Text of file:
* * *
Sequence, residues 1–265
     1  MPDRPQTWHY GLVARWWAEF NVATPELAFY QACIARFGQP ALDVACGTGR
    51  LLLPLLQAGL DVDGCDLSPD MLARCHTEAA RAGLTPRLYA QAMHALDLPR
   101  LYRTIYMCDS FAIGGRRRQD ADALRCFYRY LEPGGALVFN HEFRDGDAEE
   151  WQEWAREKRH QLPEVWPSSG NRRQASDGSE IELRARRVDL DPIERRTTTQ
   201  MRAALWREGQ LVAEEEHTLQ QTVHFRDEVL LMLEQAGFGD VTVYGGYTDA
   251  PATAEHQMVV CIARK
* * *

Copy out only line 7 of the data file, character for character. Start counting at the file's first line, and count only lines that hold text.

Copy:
   251  PATAEHQMVV CIARK